While I am continuing to make progress on your project on different fronts, so far I do not have anything illustrative to present; please know that what koz has been saying is based on experience, and he has far more than I. One of the clues used by the above digital deities was time-stamps - unfortunately, the ones in your project are mostly useless, perhaps due to some global edit, so we have extra difficulties. And, as substantial later edits did take place in your project, this situation is something that we are going to have to deal with. Perhaps in a painful way.
And while I have never rescued an .aup project before, and the outlook is far from positive for this one, I have been successful at rescuing many .aup3 projects, so I am keeping a positive outlook. So the more koz is telling us things that cannot be done and why, he is actually giving me inspiration and clues to novel approaches on how it could be done.
I did do an April First Design Concept. Actually two, to rescue a clean recording.
We know that in a stereo show, the little .au files alternate Left - Right. Design a software package that tries each au file next to all the others and pick the pair that’s least discontinuous. Go on to the next one. Keep rippling through all of them until 1) you find all the Left - Right pairs, and 2) you find .au files most musically comfortable with their neighbors.
Like most April First designs, it could actually work since the switchover between two adjacent files is by definition perfect. No clicks, pops or holes. So there should only be one match for each file in the whole pile. You may need to leave the machine cranking away on this for a day or two. Make sure of good ventilation.
You might well say, “what happens in silence.” Then the match may not make any difference. Which would you rather have? A show that needs some silence and room tone patching, or needing to call the client because there is no show.
A variation on that is use the file Time and Date stamps. Nice call, but that doesn’t get you close enough. Make baskets of Time and Date compatible files and then go for the musical match. We note you could do this last one manually if you have nothing better to do for the next six months or so.
None of this works on an edited show. There is no fixed, predictable relationship between any snippet and any other.
See, you’ve got your thinking cap on… I knew if I asked nicely, you would design this for me. All I have to do now is implement it.
OK, one of the ideas we were exploring was the possibility that for some reason, the file names in your project got scrambled. I took at look at all file names mentioned by the four aup files you supplied and in the mack_data directory to see if there were duplicates. In reviewing the 7,185 file names, there were 278 duplicate file name names (which duplicates were mostly of a random nature). And I confirmed that none of the files named in the mack aup file were actually present in the mack_data directory. This confirms to me two things we already suspected (or knew): (1) The project files did not seem to be “crossed”, and (2) the file names are assigned completely randomly.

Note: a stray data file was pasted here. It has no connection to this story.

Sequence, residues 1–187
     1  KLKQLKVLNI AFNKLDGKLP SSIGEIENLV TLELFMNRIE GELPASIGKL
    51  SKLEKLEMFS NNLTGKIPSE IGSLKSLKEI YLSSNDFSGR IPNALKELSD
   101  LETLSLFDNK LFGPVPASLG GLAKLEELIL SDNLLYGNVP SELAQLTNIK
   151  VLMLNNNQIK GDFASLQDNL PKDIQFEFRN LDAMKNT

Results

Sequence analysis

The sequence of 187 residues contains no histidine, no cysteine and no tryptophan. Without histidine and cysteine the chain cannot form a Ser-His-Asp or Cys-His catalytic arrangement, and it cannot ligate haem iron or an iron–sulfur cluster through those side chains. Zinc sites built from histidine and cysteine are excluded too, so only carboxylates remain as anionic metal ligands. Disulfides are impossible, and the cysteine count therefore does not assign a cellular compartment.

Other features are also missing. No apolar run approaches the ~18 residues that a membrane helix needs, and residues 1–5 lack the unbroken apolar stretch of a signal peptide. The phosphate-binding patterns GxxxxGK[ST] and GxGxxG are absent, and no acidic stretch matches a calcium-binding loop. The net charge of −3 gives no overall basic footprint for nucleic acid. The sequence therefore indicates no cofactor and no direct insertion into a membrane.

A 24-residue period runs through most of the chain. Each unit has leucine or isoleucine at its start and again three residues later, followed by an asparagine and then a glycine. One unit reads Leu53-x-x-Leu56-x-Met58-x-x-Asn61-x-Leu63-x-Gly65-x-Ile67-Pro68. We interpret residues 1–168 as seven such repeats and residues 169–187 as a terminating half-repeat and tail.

Speaking of random: I did some research on the (now obsolete naming convention used in 2.4.2 and confirmed some things we mostly already knew. The file name consists of eXXYYZZZ (not ZZZZ) held under XX then YY subdirectories. ZZZ is the random number, YY get incremented by 1 after every 256 random files get generated. Ditto for XX. The idea is to keep fewer than 256 files in a directory as certain OS’ had directory performance issues. The “ZZZ” I believe was partly to keep performance relatively consistent by randomizing directory position (generally file “000” could be retrieved faster than “fff”). Of course, today’s file systems have better performance and for Audacity 3.x.x, SQLite3 changes everything so we no longer need be concerned with the directory structure.
One issue that puzzles me is that your AUP file named only 1211 block files, yet the _data directory contains 2375 block files (about double). Also, about the half of these latter looked to be all zeros but when I amplfied them by 45-50X I found (noisy) conversational audio.
Anyway, I am continuing my efforts… remember, koz has told us about the baskets and the musical matching.
This may prove to be an issue. There were certainly many (not excessive) envelope control points that we’ll probably need to skip.
There is a wonderful new feature being added in a future release of Audacity, hopefully, 3.1.0. The feature is being developed by our musescore friends and allows clips to be easily moved all around on the screen without having to first cut and paste them. This feature is currently under Alpha testing. Linked with this new feature is a clip naming feature by Vitaly Verchinsky available for testing a week ago that allows each separate clip to be assigned a name. Steve and Peter commented on this feature earlier today. I have been developing some routines based on the combined version of this software to allow some new clip rearrangement facilities. My routines allows me/you to select an arbitrary set of (named) clips and programmatically place them anywhere I want. As of last night I have this part working just fine.
I am hoping to combine this with colored clips and koz’ basket sort idea to provide a solution to our current dilemma. Watch this space.